Lauren Turner hopes to inspire other women to find a profession in the U.S. Forest Service, as she did, with her new book “Outdoor Women Inside the Forest Service” that tells her story as well as those of 41 other women employed in the agency. (Erin Hawkins/Olympic Peninsula News Group)

Lauren Turner hopes to inspire other women to find a profession in the U.S. Forest Service, as she did, with her new book “Outdoor Women Inside the Forest Service” that tells her story as well as those of 41 other women employed in the agency. (Erin Hawkins/Olympic Peninsula News Group)

Sequim author shares perspective of women in Forest Service

SEQUIM — Lauren Turner of Sequim hopes to give women an exclusive look at the career opportunities available to women in the U.S. Forest Service with her book “Outdoor Women Inside the Forest Service.”

After a 30-year career in the U.S. Forest Service, Turner wrote a book with the hope that it would inspire other women to find a fulfilling career in the agency.

Her book was released Nov. 15 and offers a brief history and review of women employed in the agency 1971-2018.

It also profiles 41 other women she interviewed and their roles in the agency.

“The stories are a celebration of women,” said Turner, who moved to Sequim with her husband after her retirement from the Forest Service in 2010.

“I worked my entire career with some extraordinary women and wanted to know what made them tick and make them want to do this kind of work.”

While she puts the focus on many other women’s careers, her story is not one to be overlooked among them.

Turner held several clerical jobs when she started working for the agency, as those were the most common jobs offered to women in the 1970s. Her first job was an entry-level clerical position in West Yellowstone in Montana.

Turner’s book says the Forest Service was established in 1905 and for the next 60 to 70 years was dominantly staffed by men in the production of harvest and timber.

“Women were rarely hired and [the agency] decided they made good clerks and hired them as clerks,” she said.

Turner, born in Merced, Calif., grew up in the outdoors and felt she had more to offer than just serving clerical roles.

“I was outdoorsy to begin with,” she said. “I grew up in a time when women had certain roles, but I had a drive to do other things. My family was traditional and I took clerical positions, but felt like I wanted to do something else.”

Turner said it was the civil rights and environmental movements in the 1960s and ’70s that changed the status quo for women working in the agency.

“It wasn’t until the 1960s-’70s when the laws started changing,” she said.

Turner was one of many women who saw this change as an opportunity, she said, and through the agency she completed a degree in biological science, which qualified her to hold more professional jobs in the field.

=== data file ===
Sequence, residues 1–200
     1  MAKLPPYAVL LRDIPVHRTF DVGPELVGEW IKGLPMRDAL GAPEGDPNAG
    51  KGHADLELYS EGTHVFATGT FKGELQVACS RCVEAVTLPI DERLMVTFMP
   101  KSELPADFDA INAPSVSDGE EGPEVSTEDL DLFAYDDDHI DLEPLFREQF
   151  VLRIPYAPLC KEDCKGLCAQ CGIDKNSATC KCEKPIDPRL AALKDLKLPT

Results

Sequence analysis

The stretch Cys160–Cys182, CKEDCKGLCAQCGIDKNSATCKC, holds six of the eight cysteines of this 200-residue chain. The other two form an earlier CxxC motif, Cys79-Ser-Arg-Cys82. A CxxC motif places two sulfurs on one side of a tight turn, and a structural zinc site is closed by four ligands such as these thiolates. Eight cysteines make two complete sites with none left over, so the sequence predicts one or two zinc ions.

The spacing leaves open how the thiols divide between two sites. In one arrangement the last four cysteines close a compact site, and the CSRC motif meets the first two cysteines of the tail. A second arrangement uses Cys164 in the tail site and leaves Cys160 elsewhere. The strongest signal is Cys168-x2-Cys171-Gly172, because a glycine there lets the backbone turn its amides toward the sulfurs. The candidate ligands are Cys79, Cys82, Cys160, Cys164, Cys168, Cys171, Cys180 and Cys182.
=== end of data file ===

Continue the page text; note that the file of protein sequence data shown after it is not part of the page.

She then became a wildlife biologist and was promoted several times throughout her career, including to ecosystem manager, and she retired as a district ranger, where she oversaw many employees under her jurisdiction.

“It was challenging,” she said.

“[Women] were right there with [men] backing them up and working and so it evolved through the years.”

While she faced challenges, she said her career also was rewarding and allowed her to travel throughout the nation for work, from Montana to California to West Virginia, and back to Yellowstone, where she retired.

During her interviews with other women, she found similarities among them, such as a love of the outdoors and the belief that their stories can pave the way for other women in the future.

“My primary purpose is to document the contribution of women in a personal and informative way,” she said. “To show other women who might want to be in the U.S. Forest Service what that might be like.”

One of the women’s biographies she features in her book include Kristine Fairbanks, a local U.S. Forest Service law enforcement officer from Forks, who was killed in the line of duty near Sequim in 2008.

Turner said Fairbanks was the first law enforcement officer of any gender for the Olympic National Forest, and she started its first K-9 officer program during her tenure.

She also includes a biography of Abigail Kimbell, the first female chief of the U.S Forest Service, who also wrote the forward in Turner’s book.

“The bulk of the book is 42 biographies of women who occupied various outdoor positions at various levels,” Turner said.

“My intent was to make sure in those stories they told details of what their job entailed so other women could see what their jobs were like.”

“Outdoor Women inside the Forest Service” can be ordered through Amazon or through the publisher, McDonald & Woodward Publishing Company.

The book is listed at $29.95 but can be purchased with a special offer through the publishing company at $20.95 per copy through January.

To contact McDonald & Woodward Publishing Co., call 760-641-2691 or 800-233-8787 or email for questions, additional information or to place an order.

Orders also can be placed by mail and sent to The McDonald & Woodward Publishing Company, 695 Tall Oaks Drive, Newark, OH, 43055.


Erin Hawkins is a reporter with the Olympic Peninsula News Group, which is composed of Sound Publishing newspapers Peninsula Daily News, Sequim Gazette and Forks Forum. Reach her at

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